松山市の観光 – Sightseeing In Matsuyama

Another weekend, another adventure.  This time Leandi joined Hannah, Ryan and I for a mini road trip west to the island’s largest city of Matsuyama.  Ehime prefecture had until now been untouched territory for all of us.  Any big city will always have a number of things to do, but this place especially looked to have some noteworthy stops.

We all got right out the door after work on Friday so that we could arrive by early evening.  The drive was only 2 hours and quite a bit shorter than expected.  We  really hadn’t done much for planning the event; we just read about some of the offerings on the internet.  On the way over there, we secured a hotel room.  Once checked in we hit the ground running and went out to explore the nightlife.  Rather than trains this was a city with a tram system, which I always think adds a nice touch to any cityscape.  We started the night at an izakaya and then walked around to a couple different establishments.  My companions were all yearning for something dance clubbish, hoping that the larger city would offer something a bit more vibrant than the offerings of Takamatsu.  It didn’t.  The party was a bit dismayed but I was more than happy with sitting down to talk over refreshments.  Come on, why would anyone actually want to dance?  Come 3am, we finally decided to get back to our rooms to prevent the next morning from being lost.

I found a new friend too.

When we awoke, we walked a mere 3 minutes from our hotel to the Dogo Hot Springs, which at 3,000 years are the oldest in all of Japan.  The area surrounding the hot springs included a well developed shopping arcade.  There were also a number of little tourist attractions scattered about which made this a really nice area.  The many people walking around wearing their yukatas, which are like a Japanese version of a bathrobe, really added to the atmosphere.  The hot springs were nice, and located in a really nice and historical building.  We had to get our tickets, stow our shoes, and get cleaned up as per usual but found ourselves basking within moments.  I personally don’t care for hot bodies of water in any form.  Hot springs, hot tubs, or even a normal bath leave me feeling overly warm, sweating and uncomfortable.  I think that hot springs are generally a waste of money unless I can enjoy them for their history or beauty.  As Japan’s oldest, this certainly fit the mold.  The building was really quite large and included some tea rooms, a small museum, and even special quarters for when the emperor of Japan came to bathe.  Ryan and I were ready to get out after only 20 minutes but since the women were going to take a while we snuck some breakfast from a shop down the arcade.  Once the girls were ready, we had to disguise our eating without them by getting a little something more as they ate.  This brought us to a nice little cafe, where I was served the thickest toast I have ever seen.

Would you like a slab of toast?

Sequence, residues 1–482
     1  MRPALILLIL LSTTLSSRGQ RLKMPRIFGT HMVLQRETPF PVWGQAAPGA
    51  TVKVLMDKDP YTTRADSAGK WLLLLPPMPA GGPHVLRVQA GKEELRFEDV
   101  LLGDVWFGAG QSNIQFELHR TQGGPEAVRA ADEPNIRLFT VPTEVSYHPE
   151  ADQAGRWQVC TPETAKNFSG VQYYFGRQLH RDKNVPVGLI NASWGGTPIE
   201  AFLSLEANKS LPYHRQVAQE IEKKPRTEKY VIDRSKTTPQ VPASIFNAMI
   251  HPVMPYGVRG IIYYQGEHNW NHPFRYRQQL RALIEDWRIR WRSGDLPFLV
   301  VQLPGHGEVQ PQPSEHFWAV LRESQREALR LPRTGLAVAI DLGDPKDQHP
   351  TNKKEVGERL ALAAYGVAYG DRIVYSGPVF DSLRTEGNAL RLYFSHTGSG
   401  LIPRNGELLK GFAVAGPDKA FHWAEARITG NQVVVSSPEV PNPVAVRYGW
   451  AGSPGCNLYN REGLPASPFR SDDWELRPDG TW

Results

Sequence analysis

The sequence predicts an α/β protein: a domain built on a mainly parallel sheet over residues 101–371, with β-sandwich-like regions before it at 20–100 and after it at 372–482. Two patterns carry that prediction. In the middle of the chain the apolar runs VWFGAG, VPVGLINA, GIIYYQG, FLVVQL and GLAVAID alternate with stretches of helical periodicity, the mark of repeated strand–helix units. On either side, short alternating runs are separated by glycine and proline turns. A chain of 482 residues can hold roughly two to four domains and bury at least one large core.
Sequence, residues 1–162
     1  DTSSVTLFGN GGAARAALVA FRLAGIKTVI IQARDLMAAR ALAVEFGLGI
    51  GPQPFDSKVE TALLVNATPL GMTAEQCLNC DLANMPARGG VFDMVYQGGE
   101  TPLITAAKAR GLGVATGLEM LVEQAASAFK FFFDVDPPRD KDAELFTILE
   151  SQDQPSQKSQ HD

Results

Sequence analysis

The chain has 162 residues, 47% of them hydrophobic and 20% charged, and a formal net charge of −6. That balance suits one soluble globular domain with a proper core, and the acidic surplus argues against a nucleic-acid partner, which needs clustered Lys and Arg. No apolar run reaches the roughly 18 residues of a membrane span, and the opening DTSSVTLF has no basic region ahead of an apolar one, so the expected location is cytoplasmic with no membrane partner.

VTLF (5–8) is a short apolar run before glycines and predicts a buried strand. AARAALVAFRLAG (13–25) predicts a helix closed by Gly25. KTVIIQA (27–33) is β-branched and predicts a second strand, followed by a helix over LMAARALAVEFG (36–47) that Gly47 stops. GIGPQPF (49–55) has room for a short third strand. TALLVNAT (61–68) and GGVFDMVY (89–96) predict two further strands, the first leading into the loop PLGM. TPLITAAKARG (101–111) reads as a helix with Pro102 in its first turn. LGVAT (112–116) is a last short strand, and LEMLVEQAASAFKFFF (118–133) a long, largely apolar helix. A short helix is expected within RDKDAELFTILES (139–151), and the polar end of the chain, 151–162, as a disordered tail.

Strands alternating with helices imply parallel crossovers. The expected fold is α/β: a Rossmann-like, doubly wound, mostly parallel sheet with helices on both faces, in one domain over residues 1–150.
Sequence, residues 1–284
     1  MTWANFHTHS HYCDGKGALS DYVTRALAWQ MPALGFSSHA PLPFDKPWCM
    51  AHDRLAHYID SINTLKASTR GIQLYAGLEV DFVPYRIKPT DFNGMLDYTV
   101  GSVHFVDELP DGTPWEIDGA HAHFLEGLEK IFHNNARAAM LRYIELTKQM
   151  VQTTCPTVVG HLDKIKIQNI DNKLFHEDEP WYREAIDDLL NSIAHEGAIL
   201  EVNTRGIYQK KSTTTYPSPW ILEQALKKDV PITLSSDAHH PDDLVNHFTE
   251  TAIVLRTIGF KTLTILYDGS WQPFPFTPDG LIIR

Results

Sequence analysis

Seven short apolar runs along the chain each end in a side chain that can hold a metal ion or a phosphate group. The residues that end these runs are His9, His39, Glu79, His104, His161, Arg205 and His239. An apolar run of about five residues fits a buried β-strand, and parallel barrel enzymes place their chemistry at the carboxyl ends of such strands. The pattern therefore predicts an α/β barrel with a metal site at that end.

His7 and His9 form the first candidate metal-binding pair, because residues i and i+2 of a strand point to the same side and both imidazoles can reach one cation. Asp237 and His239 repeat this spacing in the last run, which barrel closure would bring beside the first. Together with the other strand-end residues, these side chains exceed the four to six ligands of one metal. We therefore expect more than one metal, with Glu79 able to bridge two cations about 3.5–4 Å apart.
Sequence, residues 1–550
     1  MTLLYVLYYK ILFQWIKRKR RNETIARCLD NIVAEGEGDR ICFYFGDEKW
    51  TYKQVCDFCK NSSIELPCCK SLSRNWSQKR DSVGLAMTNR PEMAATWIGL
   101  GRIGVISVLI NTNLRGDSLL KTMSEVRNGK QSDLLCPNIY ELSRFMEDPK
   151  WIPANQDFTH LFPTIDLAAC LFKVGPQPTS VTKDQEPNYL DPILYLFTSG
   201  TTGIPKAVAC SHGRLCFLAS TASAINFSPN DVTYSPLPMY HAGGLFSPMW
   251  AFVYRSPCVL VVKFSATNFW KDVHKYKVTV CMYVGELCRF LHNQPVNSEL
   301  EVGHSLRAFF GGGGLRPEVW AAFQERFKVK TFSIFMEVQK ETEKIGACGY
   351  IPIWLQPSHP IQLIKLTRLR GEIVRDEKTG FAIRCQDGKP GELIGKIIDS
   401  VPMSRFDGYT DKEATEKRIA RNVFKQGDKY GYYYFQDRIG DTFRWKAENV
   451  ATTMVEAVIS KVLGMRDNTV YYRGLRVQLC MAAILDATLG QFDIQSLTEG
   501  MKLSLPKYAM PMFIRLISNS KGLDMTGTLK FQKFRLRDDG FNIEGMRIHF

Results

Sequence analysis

Already becoming a late morning, we needed to get a move on.  We piled into my car for easy access to a few of the locations and set off.  The first stop was the nearby Isaniwa Shrine.  We were enticed by its description as ”one of the three great examples of God of War architecture in Japan” though in reality we didn’t make the connection with its unapparent greatness.  I did however decide that Shioto is more interesting to me than Buddhism on the basis of culture and tradition.  Buddhism can be found all over Asia and Shinto only in Japan which makes its traditions and practices seem that much more representative of the culture of the people.  Finally, the garb worn by the Shinto priests looks better.  Despite this, we next went to the Buddhist temple of Ishiteji which blew Isaniwa away.

This temple is considered by many as the jewel of the 88 temple pilgrimage circuit.  We walked around the sprawling grounds amid the familiar architecture and Buddhist statues, but there were several aspects of this temple that set it apart from others.  First we went though a little museum with cultural relics.  They were significant I’m sure, but they were also reminiscent of the million other Buddhist objects I’ve seen before so we blazed though this section.  Right outside the exit though, there were a handful of well carved slaps depicting events from the life of the Buddha.  From there, we continued through the complex and came to a cave.  In all my illustrious (Japanese) temple excursion experience, this was a first.  We proceeded inside the black hole to find there was almost no illumination save for some faint LEDs wherever the cultural properties lay.  My camera flash revealed a number of paintings and statues throughout the space.  We soon found another branch to the tunnel that continued on for another 200 meters or so.  We carefully navigated the steep incline and finally emerged on the other side of a mountain.  There we found some sort of large dome filled with odd wooden sculptures.  Given absolutely no signage or logical explanation as for why this structure existed, it was an odd place to find ourselves.  We worked our way back through the black hole to the main grounds again where Ryan and I raced up a grueling length of stone steps to be rewarded with a wonderful view.  Of note, one of our visuals was a giant Buddhist statue on a mountain overlooking the city.  If one were able to touch the head of the statue, they would then be absolved of making the temple pilgrimage.